6 Reasons Why the Maple Leafs Are Just An Average Team Looking to Get Lucky

Toronto Maple Leafs v New York Islanders
Toronto Maple Leafs v New York Islanders / Bruce Bennett/GettyImages
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The Toronto Maple Leafs lost game one, but were able to pull off a great victory last night.

Despite the victory, the Toronto Maple Leafs are not favored to win this series and they have a ridiculous path through the playoffs, since if they do beat Boston their reward is either Tampa or Florida, two of the other best teams in the NHL.

While there is always hope that any team that makes the playoffs can win the Stanley Cup, I don't think I'm alone in being disappointed that in year eight of the Auston Matthews Era, the Leafs are not one of the top teams in the NHL.

Not even their most biased pro-Leafs fan thinks they came into the playoffs as a Cup Favorite. Instead, in year eight of Auston Matthews career, the Leafs took a step back and their hopes for the Stanley Cup rested on the idea of getting lucky, and not much else.

The Leafs goaltending and blue-line is just not up to the standards of other Cup Contenders.

They don't have a mobile, puck-moving blue-line to compliment their high-scoring forwards, and they don't have a goalie they can count on They do have Auston Matthews, so the series is basically a coin-flip. The Leafs and Bruins are two solid but flawed teams.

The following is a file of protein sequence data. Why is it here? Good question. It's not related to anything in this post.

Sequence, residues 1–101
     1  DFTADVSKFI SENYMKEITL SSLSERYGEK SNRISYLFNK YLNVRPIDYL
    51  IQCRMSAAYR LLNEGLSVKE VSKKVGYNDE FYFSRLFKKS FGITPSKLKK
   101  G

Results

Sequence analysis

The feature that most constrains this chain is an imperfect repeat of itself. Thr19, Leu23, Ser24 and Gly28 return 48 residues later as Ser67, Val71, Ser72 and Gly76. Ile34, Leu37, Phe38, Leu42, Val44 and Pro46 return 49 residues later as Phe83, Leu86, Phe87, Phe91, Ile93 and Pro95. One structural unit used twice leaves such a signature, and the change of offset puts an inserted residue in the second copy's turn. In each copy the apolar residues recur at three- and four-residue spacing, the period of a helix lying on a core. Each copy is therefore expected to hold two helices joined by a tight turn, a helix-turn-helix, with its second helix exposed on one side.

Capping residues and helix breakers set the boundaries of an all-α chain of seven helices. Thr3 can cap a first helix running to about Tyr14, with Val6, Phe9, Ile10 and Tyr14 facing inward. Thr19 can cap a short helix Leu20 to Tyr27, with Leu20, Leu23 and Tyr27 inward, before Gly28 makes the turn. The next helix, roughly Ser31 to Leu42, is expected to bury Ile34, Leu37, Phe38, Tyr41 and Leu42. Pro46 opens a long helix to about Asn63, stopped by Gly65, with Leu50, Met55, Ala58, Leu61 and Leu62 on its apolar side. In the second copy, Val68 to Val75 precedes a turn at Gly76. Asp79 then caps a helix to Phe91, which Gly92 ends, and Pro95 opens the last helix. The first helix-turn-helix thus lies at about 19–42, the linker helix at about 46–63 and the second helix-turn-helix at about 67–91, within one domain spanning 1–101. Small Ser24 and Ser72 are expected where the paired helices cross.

Unfortunately, unless I am mistaken, defense and goaltending are considered the most important things in the playoffs, and the Leafs don't have either of those things.

From the get-go, Brad Treliving was a bad choice to replace Kyle Dubas. First, the Leafs had almost no interview process. Second, his previous team was a mess. Third, he had one of the worst summer's of any GM in the league, making several bone-headed signings and doing nothing to improve the team.

The Leafs entered the 2024 season with one of the worst blue-lines in the NHL, and that was before they knew how badly TJ Brodie would fall off.

During the season, they did nothing to improve. For months their defense was in tatters, and at times so was their goaltending. Treliving deserves some credit for being patient and not panic-adding someone he didn't necessarily need, but there comes a time when not panicking turns into neglegence, and he crossed that line sometime in January.

"Just wait till the trade deadline" we thought, but then while other teams were adding superstars and circumventing the salary cap, Treleving thought the best individual season in Toronto Maple Leafs history deserved only Joel Edmundson as help for the playoffs.

The Leafs finished the season as the top scoring 5v5 team and an average defensive team. They were 24th in 5v5 save-percentage, which is embarssing for a Cup Contending team in year 7 of it's window.

Whatever the playoff results end up being, we know the Leafs came into the first round as an underdog. That is unacceptable for a team in the seventh year of it's window of contention. Win or lose, the Leafs entered the Stanley Cup playoffs with the goal of getting lucky. They had no reasonable expectation of being the best team, and the best anyone could hope for is an unexpected run of goaltending from Samsonov or Woll combined with a dominant peformance from Auston Matthews.

But how did we get here? This should be a no-doubt top team. The best player in franchise history is having his best ever season and expectations should be higher than just the hope that they hit on a hail mary. (all stats naturalstattrick.com).